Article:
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Tift Regional Health System encourages the community to become educated before presenting to the ER with flu-like symptoms; visiting restrictions also instituted
01/15/2018
Due to the large number of viral illnesses such as flu, nausea, vomiting, diarrhea, and a variety of other diseases, Tift Regional Health System (TRHS) requests that patients call their primary care provider for flu and simple gastrointestinal symptoms before coming to the Emergency Room. This will enable the Emergency Room to care for patients with life-threatening conditions more rapidly. Visit the Tift Regional Medical Center Facebook page or www.tiftregional.com for advice on when and where to go if you are ill. The CDC also provides information at www.CDC.gov/flu.

TRHS is also instituting visitor restrictions for the remainder of flu season. This includes barring children under 18 from visiting the hospital, limiting visitors to two at a time, and not allowing visitors with colds, flu-like symptoms and nausea/vomiting or diarrhea. These measures will help protect patients, visitors, staff and the community from illness. Many other hospitals are instituting the same measures.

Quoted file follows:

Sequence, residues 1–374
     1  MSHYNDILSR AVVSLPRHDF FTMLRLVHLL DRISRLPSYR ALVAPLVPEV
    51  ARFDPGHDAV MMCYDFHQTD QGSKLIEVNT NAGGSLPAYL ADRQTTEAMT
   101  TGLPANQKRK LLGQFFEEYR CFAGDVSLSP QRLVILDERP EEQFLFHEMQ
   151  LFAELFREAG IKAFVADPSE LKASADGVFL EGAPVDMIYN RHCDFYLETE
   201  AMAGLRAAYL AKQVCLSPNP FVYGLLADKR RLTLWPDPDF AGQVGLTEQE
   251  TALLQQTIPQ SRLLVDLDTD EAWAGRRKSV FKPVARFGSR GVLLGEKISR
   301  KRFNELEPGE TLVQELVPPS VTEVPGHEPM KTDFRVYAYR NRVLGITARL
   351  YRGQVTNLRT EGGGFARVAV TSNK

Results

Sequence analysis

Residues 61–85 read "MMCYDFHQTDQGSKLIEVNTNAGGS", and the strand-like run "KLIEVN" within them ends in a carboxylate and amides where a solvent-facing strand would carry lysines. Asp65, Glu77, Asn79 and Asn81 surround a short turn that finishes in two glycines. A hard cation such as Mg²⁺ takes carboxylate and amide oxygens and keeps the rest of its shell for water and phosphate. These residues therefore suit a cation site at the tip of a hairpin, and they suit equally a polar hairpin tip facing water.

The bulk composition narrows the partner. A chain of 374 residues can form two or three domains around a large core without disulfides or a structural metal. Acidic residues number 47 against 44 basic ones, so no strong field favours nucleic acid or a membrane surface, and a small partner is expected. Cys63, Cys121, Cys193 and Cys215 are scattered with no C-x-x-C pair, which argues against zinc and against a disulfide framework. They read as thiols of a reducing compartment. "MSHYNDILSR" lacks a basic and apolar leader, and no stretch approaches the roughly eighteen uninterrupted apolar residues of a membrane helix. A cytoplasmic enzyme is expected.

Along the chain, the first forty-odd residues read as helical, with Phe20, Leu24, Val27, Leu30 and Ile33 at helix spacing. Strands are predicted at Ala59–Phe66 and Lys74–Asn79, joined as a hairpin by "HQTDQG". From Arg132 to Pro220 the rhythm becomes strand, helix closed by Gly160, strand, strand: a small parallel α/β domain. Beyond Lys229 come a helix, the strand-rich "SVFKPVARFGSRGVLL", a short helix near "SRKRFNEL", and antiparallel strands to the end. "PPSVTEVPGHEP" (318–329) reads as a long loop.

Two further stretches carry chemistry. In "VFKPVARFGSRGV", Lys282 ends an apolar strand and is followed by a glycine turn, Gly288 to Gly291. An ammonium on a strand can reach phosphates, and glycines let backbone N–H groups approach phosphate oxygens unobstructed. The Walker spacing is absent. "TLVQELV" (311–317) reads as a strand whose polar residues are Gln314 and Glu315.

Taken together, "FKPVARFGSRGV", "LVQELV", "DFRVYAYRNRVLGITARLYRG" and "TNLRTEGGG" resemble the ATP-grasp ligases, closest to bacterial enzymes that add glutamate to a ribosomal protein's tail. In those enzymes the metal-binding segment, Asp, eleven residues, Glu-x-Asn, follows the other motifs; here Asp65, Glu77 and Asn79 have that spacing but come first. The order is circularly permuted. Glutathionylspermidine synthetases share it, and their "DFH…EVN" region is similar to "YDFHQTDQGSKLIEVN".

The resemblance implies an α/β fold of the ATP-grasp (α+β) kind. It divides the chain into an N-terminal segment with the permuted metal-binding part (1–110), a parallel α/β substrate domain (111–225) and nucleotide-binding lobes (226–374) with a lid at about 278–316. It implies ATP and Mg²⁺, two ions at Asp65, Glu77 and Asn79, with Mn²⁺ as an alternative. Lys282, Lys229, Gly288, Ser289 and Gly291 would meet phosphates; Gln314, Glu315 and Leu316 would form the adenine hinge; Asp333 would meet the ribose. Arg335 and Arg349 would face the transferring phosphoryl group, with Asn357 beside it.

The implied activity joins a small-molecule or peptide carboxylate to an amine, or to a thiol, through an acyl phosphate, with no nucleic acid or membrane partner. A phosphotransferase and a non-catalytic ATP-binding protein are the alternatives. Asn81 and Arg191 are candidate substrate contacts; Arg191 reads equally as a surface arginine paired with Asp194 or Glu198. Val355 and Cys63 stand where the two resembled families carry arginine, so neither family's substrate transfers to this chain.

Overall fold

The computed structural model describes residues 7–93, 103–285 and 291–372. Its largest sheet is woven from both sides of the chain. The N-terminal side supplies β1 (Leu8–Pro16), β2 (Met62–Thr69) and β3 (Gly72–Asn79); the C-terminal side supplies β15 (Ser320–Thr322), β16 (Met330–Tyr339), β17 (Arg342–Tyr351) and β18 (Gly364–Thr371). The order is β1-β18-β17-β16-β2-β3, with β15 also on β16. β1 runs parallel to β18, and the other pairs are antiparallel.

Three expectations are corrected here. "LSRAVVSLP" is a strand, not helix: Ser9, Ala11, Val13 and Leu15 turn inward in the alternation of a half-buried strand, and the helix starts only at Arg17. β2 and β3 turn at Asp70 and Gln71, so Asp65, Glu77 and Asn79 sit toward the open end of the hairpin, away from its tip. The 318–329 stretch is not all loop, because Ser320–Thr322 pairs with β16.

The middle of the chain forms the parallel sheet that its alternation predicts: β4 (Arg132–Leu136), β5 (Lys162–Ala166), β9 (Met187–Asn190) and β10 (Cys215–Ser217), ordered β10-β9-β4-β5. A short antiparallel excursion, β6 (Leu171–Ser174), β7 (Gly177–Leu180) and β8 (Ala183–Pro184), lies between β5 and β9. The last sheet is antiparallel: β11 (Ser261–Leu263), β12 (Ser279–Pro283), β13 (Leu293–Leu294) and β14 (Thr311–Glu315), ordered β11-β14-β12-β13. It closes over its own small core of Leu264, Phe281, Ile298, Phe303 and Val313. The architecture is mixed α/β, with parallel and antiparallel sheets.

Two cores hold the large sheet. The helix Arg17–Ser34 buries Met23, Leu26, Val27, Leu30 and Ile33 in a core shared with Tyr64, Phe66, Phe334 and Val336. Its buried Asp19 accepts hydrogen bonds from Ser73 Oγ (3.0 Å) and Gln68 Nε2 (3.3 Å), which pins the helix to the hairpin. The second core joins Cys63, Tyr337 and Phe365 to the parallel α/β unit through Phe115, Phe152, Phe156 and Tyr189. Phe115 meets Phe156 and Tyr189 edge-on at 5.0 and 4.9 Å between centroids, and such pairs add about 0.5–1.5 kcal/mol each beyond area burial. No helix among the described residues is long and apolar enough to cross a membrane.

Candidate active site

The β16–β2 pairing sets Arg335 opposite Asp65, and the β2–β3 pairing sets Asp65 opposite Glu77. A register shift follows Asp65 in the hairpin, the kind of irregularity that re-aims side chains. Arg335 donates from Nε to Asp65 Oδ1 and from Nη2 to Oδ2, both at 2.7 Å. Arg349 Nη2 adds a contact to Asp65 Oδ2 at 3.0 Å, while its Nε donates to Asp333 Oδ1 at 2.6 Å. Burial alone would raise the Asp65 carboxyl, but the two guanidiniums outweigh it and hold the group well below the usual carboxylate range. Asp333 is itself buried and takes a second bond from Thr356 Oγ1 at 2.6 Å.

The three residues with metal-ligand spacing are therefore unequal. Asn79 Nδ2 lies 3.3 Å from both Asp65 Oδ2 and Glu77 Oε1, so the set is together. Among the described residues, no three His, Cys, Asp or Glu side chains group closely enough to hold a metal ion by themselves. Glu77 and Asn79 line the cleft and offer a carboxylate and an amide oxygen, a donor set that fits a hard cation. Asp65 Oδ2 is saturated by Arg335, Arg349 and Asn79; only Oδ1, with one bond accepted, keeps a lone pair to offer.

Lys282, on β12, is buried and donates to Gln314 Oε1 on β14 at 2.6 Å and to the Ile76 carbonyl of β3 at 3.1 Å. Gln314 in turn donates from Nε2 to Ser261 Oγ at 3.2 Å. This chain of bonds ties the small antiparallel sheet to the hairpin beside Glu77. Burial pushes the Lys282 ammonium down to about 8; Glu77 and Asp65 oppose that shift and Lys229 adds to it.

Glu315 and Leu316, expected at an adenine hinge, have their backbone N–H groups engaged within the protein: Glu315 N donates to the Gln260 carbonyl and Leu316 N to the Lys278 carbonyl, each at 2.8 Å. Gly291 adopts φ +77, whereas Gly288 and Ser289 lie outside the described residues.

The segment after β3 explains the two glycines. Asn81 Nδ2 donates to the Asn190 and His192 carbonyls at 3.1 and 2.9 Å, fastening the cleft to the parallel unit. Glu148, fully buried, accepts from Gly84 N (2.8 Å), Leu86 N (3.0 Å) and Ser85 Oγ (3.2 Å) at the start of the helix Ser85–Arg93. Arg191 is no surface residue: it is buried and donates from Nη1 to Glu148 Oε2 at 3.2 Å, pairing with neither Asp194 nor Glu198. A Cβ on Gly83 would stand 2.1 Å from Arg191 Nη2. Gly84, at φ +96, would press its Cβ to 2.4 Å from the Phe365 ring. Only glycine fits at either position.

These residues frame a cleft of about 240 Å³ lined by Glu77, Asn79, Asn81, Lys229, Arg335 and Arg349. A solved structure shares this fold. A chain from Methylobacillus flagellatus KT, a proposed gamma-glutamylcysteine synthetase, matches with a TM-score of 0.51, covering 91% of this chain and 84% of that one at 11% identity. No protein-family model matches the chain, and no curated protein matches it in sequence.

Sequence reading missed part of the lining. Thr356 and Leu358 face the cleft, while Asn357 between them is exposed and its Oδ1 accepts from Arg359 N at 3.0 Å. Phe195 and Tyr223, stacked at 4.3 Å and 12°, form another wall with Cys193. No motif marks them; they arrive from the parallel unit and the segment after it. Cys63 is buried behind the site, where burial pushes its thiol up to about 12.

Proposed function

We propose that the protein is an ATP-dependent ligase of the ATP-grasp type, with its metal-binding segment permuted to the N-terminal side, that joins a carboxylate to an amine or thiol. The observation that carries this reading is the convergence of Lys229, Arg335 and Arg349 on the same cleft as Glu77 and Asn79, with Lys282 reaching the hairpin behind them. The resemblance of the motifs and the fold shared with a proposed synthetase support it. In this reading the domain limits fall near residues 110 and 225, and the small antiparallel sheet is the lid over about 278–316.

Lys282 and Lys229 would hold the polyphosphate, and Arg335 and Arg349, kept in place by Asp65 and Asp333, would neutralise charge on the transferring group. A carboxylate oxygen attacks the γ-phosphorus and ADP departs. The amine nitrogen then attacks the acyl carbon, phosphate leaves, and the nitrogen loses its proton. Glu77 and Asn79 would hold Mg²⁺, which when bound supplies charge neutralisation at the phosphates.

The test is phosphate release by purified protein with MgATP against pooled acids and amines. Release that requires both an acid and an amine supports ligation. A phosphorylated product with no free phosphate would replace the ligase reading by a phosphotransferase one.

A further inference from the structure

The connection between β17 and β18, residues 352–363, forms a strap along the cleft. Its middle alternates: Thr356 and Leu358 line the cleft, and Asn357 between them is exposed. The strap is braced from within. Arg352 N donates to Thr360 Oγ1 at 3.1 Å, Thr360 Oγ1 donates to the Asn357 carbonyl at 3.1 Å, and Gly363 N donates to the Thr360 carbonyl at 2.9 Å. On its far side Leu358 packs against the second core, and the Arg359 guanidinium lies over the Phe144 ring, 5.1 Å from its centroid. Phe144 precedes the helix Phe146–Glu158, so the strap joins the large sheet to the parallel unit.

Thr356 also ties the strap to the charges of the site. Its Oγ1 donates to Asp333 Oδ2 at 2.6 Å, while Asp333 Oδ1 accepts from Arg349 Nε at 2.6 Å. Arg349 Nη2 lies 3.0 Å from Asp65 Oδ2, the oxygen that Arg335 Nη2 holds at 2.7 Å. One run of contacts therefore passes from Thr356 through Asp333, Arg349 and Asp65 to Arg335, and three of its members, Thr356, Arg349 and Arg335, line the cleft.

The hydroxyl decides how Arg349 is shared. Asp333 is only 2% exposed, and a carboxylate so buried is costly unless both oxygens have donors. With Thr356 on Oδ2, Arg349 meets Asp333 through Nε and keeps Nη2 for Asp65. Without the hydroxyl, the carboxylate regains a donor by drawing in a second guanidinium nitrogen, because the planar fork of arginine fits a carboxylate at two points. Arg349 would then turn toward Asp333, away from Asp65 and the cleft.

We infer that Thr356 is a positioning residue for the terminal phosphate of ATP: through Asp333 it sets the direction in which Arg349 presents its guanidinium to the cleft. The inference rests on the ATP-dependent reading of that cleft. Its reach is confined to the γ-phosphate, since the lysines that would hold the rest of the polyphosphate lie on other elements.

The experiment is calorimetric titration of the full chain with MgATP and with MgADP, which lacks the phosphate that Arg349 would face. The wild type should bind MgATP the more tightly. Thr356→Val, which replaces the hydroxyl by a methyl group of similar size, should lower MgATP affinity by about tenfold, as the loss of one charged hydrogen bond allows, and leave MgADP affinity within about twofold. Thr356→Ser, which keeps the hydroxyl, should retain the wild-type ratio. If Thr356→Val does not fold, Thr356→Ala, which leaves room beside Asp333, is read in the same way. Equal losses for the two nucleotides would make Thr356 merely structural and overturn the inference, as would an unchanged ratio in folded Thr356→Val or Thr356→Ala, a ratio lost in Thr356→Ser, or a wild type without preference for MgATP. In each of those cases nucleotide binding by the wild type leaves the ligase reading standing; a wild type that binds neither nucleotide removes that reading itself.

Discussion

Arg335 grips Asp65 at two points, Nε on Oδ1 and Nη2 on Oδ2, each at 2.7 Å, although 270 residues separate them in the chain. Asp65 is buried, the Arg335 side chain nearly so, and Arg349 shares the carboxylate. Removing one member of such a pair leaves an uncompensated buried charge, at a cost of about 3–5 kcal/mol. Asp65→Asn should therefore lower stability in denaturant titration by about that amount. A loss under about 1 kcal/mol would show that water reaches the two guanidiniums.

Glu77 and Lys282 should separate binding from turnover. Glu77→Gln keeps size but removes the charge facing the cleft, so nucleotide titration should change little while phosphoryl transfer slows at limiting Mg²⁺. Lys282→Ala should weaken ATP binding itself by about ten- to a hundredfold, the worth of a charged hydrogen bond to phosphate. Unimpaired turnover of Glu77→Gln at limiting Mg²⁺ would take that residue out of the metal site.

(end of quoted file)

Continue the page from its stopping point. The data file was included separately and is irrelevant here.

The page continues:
Mary Key, Director of Infection Prevention for TRHS, states, “Hospitals across the state and nation are experiencing record emergency room volumes. We urge the community to join in efforts to avoid the spread of flu, gastrointestinal and other viral illnesses.” Key also encourages the community to get their flu shot. “If you have not done so already, get the flu vaccine - it’s not too late. Receiving this simple shot can help increase your chances of staying healthy and avoiding getting others sick. If you do contract the flu, the flu shot will lessen your symptoms.”

Key says the community can help increase their and their family’s chances of remaining well and slowing the spread of illnesses by following these guidelines:

•Wash your hands or use hand sanitizers frequently. Handwashing is the best way to prevent the spread of illness.
•Avoid touching your nose, eyes and mouth. Germs spread that way.
•If you do visit a patient in the hospital, make sure to clean your hands when entering and leaving the hospital either by washing with soap or rubbing your hands together with hand sanitizer. There are hand sanitizer stations throughout the hospital for your convenience.
•While visiting hospitalized family and friends is an important part of the healing process, limit visitors to only those closest to the patient and only allow two adults in a patient’s room at a time.
•Don’t bring children under 18 on hospital visits. Children are more likely to get sick and spread viruses.
•Avoid crowds and stay home as much as possible.
•If you are sick with a flu-like illness, stay at home for at least 24 hours except to get medical care or other necessities.
•Clean and disinfect surfaces and objects that may be contaminated with germs like flu. When shopping, wipe your cart with disinfectant wipes.